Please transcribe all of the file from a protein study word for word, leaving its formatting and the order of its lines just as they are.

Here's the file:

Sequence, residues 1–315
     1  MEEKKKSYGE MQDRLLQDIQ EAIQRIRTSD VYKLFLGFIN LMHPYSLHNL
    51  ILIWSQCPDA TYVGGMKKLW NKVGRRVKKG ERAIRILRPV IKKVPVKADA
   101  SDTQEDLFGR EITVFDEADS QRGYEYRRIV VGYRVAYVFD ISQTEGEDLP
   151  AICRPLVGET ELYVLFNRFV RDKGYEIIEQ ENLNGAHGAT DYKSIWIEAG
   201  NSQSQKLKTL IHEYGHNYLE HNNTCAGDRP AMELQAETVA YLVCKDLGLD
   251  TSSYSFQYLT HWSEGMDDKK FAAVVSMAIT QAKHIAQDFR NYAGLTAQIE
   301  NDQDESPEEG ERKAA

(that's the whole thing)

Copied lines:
Sequence, residues 1–315
     1  MEEKKKSYGE MQDRLLQDIQ EAIQRIRTSD VYKLFLGFIN LMHPYSLHNL
    51  ILIWSQCPDA TYVGGMKKLW NKVGRRVKKG ERAIRILRPV IKKVPVKADA
   101  SDTQEDLFGR EITVFDEADS QRGYEYRRIV VGYRVAYVFD ISQTEGEDLP
   151  AICRPLVGET ELYVLFNRFV RDKGYEIIEQ ENLNGAHGAT DYKSIWIEAG
   201  NSQSQKLKTL IHEYGHNYLE HNNTCAGDRP AMELQAETVA YLVCKDLGLD
   251  TSSYSFQYLT HWSEGMDDKK FAAVVSMAIT QAKHIAQDFR NYAGLTAQIE
   301  NDQDESPEEG ERKAA